“Bastes? You mean ‘beasts’?” His Honour enquired.
“Bastes. That’s right. About twenty, your honour,” Norman helped out.
“What kind of ‘bastes’?” the presiding officer asked.
“Farm bastes,” Dinny added patiently.
“Yes, yes,” His Honour went on, “but what kind of bastes? What description of farm bastes?”
“A herd of kine,” Dinny explained, “Twenty of so, black and white.”
A moment went by with silence as His Honour fixed the details in his notebook. He returned for more explicit facts from the witnesses.
“Mr. O’Brien, did you see a bull in the herd?”
Dinny recoiled from the question. He flinched visibly as if struck by an unseen hand. When he revived, he looked furtively around the council chamber, then accusingly at His Honour, as if to remind the latter that even a public meeting in Almonte could find ladies present, and that the language of the official proceedings might indeed have to be that of the barnyard, but that delicacy prompted an honest witness like Dennis O’Brien to modify his oracular usage to the requirements of decency and decorum expected of all gentleman in the presence of ladies.
“Your Honour,” he said, “we did see the Charley Cow.”
“Charley Cow,” Norman the corroborator threw in.
“I see,” His Honour added the words a trifle dubiously, before adding, “Did you see the train?”
“Tell this hearing exactly what you saw and heard. What happened?”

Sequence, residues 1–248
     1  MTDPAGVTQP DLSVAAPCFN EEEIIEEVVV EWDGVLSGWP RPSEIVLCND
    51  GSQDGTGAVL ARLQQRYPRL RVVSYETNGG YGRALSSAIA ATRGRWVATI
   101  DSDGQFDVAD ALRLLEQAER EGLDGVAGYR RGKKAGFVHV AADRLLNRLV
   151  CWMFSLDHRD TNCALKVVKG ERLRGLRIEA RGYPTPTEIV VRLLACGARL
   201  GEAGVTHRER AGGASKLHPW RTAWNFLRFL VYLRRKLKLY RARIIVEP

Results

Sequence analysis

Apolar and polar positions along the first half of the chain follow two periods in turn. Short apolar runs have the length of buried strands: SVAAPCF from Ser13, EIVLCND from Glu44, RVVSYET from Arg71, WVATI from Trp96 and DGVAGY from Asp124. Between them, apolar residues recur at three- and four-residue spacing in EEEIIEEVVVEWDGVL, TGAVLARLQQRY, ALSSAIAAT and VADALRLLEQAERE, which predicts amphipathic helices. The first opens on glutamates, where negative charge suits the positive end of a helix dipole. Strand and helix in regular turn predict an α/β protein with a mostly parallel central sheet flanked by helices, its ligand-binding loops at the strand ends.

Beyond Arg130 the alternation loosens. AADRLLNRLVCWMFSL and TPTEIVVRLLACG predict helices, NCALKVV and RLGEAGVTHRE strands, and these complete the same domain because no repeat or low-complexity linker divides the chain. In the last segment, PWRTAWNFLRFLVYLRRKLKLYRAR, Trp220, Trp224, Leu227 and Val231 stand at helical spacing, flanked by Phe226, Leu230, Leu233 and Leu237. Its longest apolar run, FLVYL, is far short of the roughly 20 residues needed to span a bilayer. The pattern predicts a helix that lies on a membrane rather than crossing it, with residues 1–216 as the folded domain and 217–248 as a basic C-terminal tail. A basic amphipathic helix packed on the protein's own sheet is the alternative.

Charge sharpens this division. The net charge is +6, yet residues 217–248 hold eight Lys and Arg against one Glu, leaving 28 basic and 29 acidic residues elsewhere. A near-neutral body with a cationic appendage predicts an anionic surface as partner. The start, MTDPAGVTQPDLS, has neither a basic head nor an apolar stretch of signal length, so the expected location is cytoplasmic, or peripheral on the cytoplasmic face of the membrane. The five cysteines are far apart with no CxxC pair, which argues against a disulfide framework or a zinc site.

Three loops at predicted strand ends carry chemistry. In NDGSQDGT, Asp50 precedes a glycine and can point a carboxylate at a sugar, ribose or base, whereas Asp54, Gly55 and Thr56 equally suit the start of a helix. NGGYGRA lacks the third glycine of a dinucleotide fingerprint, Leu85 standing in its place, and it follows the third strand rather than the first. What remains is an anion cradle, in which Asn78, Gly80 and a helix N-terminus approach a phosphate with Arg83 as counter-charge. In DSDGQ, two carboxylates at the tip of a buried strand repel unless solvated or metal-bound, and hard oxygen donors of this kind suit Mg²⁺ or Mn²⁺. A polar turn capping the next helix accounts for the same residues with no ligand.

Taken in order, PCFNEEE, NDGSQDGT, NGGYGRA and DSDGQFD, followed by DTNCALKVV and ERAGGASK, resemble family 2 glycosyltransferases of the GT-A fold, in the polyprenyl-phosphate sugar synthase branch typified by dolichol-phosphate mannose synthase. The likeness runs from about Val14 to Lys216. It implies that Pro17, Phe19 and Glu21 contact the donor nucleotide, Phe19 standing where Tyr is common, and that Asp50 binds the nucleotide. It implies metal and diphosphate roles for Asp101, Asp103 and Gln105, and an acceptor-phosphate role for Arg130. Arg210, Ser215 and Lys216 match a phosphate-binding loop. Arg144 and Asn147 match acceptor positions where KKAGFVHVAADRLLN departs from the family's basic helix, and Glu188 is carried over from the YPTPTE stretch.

“We saw twenty bastes grazing forinst the right of way. The Charley Cow was near the end of the alfalfa.”
“We heard the train blow for the crossing. We saw the Charley Cow leaving the end of the alfalfa and heading for the tracks. We saw the engine kill the Charley Cow.”
“Stop, stop, Mr. O’Brien. Do not reach conclusions. A witnesses must confine himself to the facts without opinion or judgement. It is not for the witness to state that the train killed the animal, the ‘charley cow’ in the language of the witness. The animal could have had a heart attack which made it fall down in front of the locomotive. This enquiry wants only the facts according to the testimony of the two eye-witnesses. Mr. O’Brien, kindly confine yourself to facts. Now, you saw the ‘charley cow’ break through the fence, charge the crossing and you saw it then struck by the locomotive.”
“A flank attack, Your Honour,” Dinny remembered it all.